Would you like to take a little trip with me?
In July 2008, I studied in Oxford, England, and I fell head over heels in love with it. So for this wanderlusting post, I'm actually able to speak from experience instead of imaginative wishing! Let's travel through time and space to July in Oxford, a place I'm still wanderlusting after.
Oxford University is made up of several individual colleges, and we stayed in one of the oldest, Saint Edmund Hall. I was lucky to score a 17th-century room overlooking the main courtyard. It was nice to be able to fix cups of tea and stand looking out the window at the people coming and going, listening to the laughter bubbling up from the Buttery (the college's own built-in pub).
Oxford is nicknamed "the city of dreaming spires," which I think is so poetic and fitting. I loved walking the winding Queen's Lane behind our college to take in such sights. It was quiet and empty, and I'd always find some new flower or alcove or other beautiful thing each day.
Contrary to stereotypes, the weather was also gorgeous for us. It rained literally only three days out of the six weeks we were there. I don't think I've ever felt more temperate air or seen bluer skies.
Spanning the end of Queen's Lane: the "Bridge of Sighs."
I loved the easy-going, quirky historic culture of Oxford after spending time in London. I admit I also loved the cheaper food. I became addicted to caramel slice, which is crumbly graham-y shortbread layered with gooey caramel and soft chocolate. I liked the bakeries' versions but to tell the truth, Sainsbury's grocery store slices remained number one in my book.
|ryan and jen go to england|
My other Oxford staple: paninis. Queen's Lane Coffee House (the oldest coffee shop in Oxford, located at the corner of our college) had two-for-one panini specials at dinner time. No telling how many of these crispy, buttery, cheesy sandwiches I scarfed while in Oxford.
A common sight: people (often giggling teenagers) punting down the little branches of this river.
There are so many pretty meadows and gardens between all the colleges, each of them just begging for you to collapse in the fragrant grass and read and bask....
The historic Covered Market is a cool place to walk around (or watch bakers molding fondant over their cakes). My favorite institution there has to be Moo-Moo's Milkshakes. They will make you a milkshake with literally any sweet imaginable. I don't see it on the menu in this picture, but I once got a blueberry muffin shake that blew me away.
This is Cornmarket Street. The summer I was there, gaggles of European school groups swarmed the streets with their matching backpacks, and (for whatever reason) staked out the fast food places after dark.
Cormarket's also home to the place that single-handedly bankrupted me while I was abroad (or so it seemed). I'd never been to a LUSH before and soon I couldn't stop myself from popping in nearly every day to try something new. Even now the distinctive "Lush scent" drifting from our Raleigh branch is enough to take me back to those days of fantastic-smelling poverty.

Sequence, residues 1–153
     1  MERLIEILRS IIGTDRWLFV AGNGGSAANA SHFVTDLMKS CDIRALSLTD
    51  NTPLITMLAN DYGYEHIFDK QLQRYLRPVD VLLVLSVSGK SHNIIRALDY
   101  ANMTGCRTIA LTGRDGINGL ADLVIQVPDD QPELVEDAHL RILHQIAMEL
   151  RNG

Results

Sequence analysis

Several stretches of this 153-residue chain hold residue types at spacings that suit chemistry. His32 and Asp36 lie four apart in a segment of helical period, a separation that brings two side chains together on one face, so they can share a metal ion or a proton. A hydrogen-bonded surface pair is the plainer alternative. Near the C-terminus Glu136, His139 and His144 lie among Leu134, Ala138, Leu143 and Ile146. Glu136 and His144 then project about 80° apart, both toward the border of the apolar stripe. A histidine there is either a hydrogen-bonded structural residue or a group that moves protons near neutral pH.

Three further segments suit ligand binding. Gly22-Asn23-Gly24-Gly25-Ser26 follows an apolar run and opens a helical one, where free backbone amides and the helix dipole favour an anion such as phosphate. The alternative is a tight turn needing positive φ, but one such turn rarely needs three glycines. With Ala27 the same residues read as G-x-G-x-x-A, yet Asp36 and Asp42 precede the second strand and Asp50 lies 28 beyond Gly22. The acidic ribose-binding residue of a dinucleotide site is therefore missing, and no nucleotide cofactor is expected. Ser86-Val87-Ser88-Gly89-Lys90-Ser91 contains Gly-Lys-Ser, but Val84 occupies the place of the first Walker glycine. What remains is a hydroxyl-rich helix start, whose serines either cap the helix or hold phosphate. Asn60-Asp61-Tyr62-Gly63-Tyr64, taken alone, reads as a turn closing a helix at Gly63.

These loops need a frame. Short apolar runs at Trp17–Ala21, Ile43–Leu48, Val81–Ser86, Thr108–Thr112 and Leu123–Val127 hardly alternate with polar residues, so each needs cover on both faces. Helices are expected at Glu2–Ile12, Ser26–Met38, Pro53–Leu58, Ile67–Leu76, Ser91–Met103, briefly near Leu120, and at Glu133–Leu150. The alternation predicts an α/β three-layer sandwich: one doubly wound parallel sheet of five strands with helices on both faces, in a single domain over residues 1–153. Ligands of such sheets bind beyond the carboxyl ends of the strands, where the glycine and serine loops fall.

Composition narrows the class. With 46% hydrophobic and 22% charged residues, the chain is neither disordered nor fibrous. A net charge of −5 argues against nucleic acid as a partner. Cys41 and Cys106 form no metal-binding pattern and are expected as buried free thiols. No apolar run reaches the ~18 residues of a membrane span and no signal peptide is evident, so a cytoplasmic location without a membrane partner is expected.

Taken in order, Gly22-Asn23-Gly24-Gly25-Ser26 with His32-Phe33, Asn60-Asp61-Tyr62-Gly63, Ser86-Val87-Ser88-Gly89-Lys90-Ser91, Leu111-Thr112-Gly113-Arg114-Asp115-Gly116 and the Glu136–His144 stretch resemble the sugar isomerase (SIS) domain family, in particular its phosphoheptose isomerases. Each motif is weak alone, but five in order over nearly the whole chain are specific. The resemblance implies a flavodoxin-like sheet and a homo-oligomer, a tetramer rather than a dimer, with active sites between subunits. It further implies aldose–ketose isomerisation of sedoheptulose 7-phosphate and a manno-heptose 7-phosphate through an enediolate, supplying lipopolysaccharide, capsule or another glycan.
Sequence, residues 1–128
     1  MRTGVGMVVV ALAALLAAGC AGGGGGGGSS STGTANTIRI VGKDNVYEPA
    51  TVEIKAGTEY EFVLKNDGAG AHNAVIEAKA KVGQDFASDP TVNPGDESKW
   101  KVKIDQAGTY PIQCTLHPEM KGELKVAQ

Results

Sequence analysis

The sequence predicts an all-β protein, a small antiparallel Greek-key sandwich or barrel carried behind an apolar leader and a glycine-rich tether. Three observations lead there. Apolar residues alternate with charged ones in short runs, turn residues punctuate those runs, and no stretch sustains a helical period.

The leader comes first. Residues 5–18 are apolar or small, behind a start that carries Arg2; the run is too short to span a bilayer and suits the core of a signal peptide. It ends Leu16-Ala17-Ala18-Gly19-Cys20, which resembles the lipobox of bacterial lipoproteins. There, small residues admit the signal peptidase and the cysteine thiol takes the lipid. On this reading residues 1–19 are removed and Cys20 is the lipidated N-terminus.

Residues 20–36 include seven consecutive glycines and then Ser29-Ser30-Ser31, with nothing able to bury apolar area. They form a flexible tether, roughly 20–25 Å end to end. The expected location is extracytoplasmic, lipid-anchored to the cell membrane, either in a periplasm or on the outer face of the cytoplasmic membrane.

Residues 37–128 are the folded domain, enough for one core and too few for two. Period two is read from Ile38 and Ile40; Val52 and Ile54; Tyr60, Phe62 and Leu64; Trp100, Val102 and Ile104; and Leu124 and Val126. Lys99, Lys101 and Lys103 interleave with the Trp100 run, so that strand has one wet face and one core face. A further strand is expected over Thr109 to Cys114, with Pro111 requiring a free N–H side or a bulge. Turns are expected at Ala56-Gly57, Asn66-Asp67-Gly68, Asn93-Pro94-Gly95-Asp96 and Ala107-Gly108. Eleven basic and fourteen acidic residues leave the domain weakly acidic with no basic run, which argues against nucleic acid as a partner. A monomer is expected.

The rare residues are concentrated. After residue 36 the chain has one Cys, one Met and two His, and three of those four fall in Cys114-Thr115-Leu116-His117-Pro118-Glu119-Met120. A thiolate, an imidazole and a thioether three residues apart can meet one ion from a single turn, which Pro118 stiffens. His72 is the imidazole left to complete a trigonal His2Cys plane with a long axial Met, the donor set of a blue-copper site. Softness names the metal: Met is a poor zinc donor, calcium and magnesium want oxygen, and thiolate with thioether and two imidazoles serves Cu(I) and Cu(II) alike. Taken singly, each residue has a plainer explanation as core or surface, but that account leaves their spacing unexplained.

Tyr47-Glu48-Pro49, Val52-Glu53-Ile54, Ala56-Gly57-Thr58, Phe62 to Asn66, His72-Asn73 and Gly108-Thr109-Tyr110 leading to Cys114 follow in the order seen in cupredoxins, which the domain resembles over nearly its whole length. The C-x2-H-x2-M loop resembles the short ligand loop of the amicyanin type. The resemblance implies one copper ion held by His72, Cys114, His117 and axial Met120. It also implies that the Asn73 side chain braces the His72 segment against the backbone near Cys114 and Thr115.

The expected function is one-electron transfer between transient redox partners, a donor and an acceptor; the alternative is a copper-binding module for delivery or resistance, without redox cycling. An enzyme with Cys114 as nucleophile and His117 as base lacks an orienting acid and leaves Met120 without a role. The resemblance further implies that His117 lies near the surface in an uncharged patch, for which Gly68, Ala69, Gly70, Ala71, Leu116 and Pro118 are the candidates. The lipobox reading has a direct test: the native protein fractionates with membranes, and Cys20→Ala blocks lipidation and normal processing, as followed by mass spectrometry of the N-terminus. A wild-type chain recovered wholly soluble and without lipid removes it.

The beautiful Bodleian Library.
If you're a literature nerd, Oxford is a site of pilgrimage. Christ Church here produced alums like Lewis Carroll and W.H. Auden. Other colleges boasted the likes of J.R.R. Tolkein, C.S. Lewis, and other initialed writers (haha). Philip Pullman is from Oxford and it was inspiring to see so many sights from His Dark Materials series in person.
And I can't not mention that some scenes from Harry Potter were also filmed in the above building. We saw the Great Hall!
Climbing St. Mary church, which gave us a great view of the surrounding country.
Back home down Queen's Lane....
Our libation of choice was often hard cider (a drink I recommend if you don't much like beer). I discovered I love pub culture: the warmth of the Buttery, darts and crisps and berry cider and bad TV.... or going out and about, meeting people from all over the place and talking and laughing through the night. Until it was time to hit up the kebab vans, of course.
We visited these fellows practically every night we went out. What were we thinking?? (Well, I guess our stomachs did the thinking for us.) Best fries ever.
But let's be a little more civilized now and take a stroll through the Oxford Botanic Garden. This is rumored to have been Tolkien's favorite tree:
(GIANT lilypads and so many other wonders fill the greenhouses there.)
One night we walked to a faraway neighborhood just to get some good crepes (our splurge of choice, I must have had crepes at least 5 times over the summer).
We then wandered through the University Parks and some secret meadows and then colorfully-painted neighborhoods until we were thoroughly and blissfully lost. I can't really think of a better way to get to know a town.
I loved those parks. The cool weather, warm sun, blue skies, and pretty grassy trails beckoned me to run there often. One time I saw a boatful of merry people drifting past that spindly bridge, as a man in the boat played "Blackbird" on his guitar.
The most adorable museum, filled with enchanting birds and beasts (including a stuffed dodo!)
I hope I've conveyed a taste of the Oxford I knew and loved! It was a rich experience, from the many Shakespeare plays we saw on peaceful blue evenings, to the hilarious septuagenarian professor with whom we shared a bathroom. There were kettle crisps, train rides, ten-second tea kettles, wooden spiral staircases, one last night of drinks in the cemetery, and so much to be found beyond the stone archways of Teddy Hall.
Thanks for coming along!
(Where noted above I've featured others' pictures to better illustrate my favorite Oxford things. As I've mentioned before I only had disposable cameras and a Holga while there, so my photo-taking was limited. But what photos I did take may all be found here if you're interested!)